Gary Winters

Coach  Workshop Facilitator Author

How would you be graded as a leader?

Jim thought of himself as a pretty good leader with the bad luck of inheriting a poorly performing team ten months ago. He couldn’t understand why there was a gap between how he saw himself and the performance of the team. I suggested to Jim that he turn his focus for a few moments from his team’s disappointing performance to his own leadership practice to shed some light on the matter. The simple technique I proposed is unscientific and completely subjective, but it is sobering. If you’d like to know how effective you are as a leader, you might try it too.

Step One

Take a sheet of paper and list of all the members of your team in a column. Then choose three areas of team performance to evaluate that you feel are important, such as productivity, attitude, commitment, judgment, grace under pressure, and on. For each dimension make another column on the paper. Jim chose to look at morale, team spirit, and attention to detail.

Step Two

The next step is to rate each of your team on each of the areas of focus, using a scale of 1 to 10 (10 being excellent). Don’t worry about reasons or proof – you aren’t going to share your results with anyone.

Step Three

Add up all three columns, and then add the three sums to produce a single number. Divide by the number of people you rated.

That final number represents YOUR effectiveness as a leader.

When Jim added up the columns, and the sum of those columns, and divided by seven (the number of his employees). The result was 6.32. That’s Jim’s “grade” as a leader on these three dimensions.


You can’t be an 8 or 9 with a team of 4s and 5s if they’ve been part of your team for six months or more. The team is a direct reflection of its leader. While you may inherit a group of sub-par performers (or superstars), over a short period of time their performance is a direct measure of your performance. If there are shortfalls, look first to your own leadership behavior to gain insight into how to improve the score.

I told you it was sobering!

“What ELSE Your Boss Never Told You” is the sequel to the very popular “What Your Boss Never Told You.” Packed inside are more tips, techniques, and insights about the challenging, but rewarding leadership position.

“What ELSE Your Boss Never Told You” is written in a conversational tone, as though you and the author were enjoying a cup of coffee and talking about the issues that emerge for new leaders. It stands alone, and/or could be read before or after the first volume, “What Your Boss Never Told You.” You can start with any chapter and read in any order you like.

if you search for a book on management, you’ll find a staggering 600,000+ books currently available. How can you narrow that down? “What Your Boss Never Told You” is the best place to start.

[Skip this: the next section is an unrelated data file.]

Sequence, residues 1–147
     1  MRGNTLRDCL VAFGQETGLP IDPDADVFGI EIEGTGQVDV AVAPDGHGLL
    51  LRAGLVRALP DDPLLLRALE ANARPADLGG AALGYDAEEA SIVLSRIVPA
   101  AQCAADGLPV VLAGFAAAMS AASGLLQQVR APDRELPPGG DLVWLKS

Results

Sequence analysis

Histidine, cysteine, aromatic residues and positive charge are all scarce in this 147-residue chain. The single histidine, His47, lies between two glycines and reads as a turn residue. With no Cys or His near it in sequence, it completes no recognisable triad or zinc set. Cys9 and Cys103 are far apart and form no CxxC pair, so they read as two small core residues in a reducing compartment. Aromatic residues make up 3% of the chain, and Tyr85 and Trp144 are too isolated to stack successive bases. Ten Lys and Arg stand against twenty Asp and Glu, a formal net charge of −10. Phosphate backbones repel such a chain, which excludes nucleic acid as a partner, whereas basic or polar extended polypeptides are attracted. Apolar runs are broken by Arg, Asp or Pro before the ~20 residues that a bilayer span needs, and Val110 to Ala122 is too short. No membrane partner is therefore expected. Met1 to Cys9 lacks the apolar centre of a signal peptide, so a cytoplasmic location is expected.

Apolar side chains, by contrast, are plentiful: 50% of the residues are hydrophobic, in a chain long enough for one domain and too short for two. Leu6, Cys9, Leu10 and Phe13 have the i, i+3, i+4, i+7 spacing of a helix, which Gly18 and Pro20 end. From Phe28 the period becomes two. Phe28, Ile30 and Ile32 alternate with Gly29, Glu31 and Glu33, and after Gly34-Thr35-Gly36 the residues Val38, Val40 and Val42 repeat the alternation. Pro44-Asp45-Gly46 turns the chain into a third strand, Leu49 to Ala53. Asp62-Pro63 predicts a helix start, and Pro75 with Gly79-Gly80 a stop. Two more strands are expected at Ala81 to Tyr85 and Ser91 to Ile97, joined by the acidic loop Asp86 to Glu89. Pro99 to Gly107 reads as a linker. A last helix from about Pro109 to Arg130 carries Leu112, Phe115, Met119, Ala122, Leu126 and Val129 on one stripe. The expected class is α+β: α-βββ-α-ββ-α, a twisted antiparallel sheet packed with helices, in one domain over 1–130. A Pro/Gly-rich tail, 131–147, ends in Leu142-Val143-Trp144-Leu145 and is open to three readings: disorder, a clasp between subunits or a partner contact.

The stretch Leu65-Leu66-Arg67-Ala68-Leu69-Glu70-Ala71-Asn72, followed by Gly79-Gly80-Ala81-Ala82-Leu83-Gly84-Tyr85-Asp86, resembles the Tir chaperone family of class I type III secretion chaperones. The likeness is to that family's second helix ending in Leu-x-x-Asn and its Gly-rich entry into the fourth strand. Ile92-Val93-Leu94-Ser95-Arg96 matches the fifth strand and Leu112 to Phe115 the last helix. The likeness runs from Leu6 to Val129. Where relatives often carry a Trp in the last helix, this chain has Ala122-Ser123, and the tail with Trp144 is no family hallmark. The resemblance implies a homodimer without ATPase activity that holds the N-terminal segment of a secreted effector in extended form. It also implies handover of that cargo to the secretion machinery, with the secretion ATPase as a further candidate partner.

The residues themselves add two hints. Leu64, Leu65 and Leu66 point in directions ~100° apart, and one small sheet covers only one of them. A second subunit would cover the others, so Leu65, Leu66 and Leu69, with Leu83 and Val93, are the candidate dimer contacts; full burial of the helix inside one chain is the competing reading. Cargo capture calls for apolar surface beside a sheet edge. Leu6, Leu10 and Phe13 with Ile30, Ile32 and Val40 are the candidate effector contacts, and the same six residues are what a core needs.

No textbook here – this book is short and sweet. It’s designed to help you “unpack” your new job and be effective from the first day with your new team. It contains twenty-one chapters filled with the wisdom Winters has gathered from real managers – effective, successful leaders in organizations much like yours.

Leaders make decisions every day – big and small. Most know that if they include others in the decision-making process, the quality of those decisions – and the commitment to them – will likely improve. That said, they also know it’s impractical, if not impossible, to include others in every decision they confront.

“To Do or Not To Do” tackles the question of when to make decisions on your own, and when to involve your team. It gives you a deceptively simple but proven method to determine, when you are facing a difficult decision, how to decide how to decide.

Far too many meetings are dreadful, mind-numbing, energy-draining, productivity-sapping, colossal wastes of time. As someone once said, “To kill time, a meeting is the perfect weapon.”

Here’s the deal: if you’re willing to learn and apply the techniques in “So, How Was Your Meeting?”, you’ll call fewer meetings, while vastly improving the ones you do lead. They’ll take less time, have more balanced participation, produce better decisions, and result in concrete action items for follow-up afterwards.

While there are thousands of books written for people about to retire, this may be the only book for people who manage soon-to-retire employees. Written in a casual, conversational style, “Managing the Soon To Retire Employee” will give you everything you need to know to move forward with confidence and grace.

You can be successful with Sooners. It won’t happen by chance, and it’s not a matter of pulling some management “trick” out of your hat. But you can learn how to do it, and you can apply what you’ve learned right away.

Managing friends or former peers can be awkward. When you become the boss, everything about these relationships can suddenly be uncomfortable. There’s a new set of ground rules to establish – as manager, you are going be accountable for the work performance of friends or former co-workers on the team, and they are going to have to adjust to the fact that they now report to you. Everyone involved can feel awkward and hesitant about the future. 

Have you been approached by management with an offer to promote you to supervision? Or, are you mulling over the possibility for the future? Find yourself not sure whether to accept the promotion?

If so, you’ve come to the right place. Help! They Want to Make ME a Supervisor will help you sort out a very big question: Should you accept the offer to become a supervisor? Once you’ve read this book, you’ll be confident that you’ve made the best decision for you and for your organization.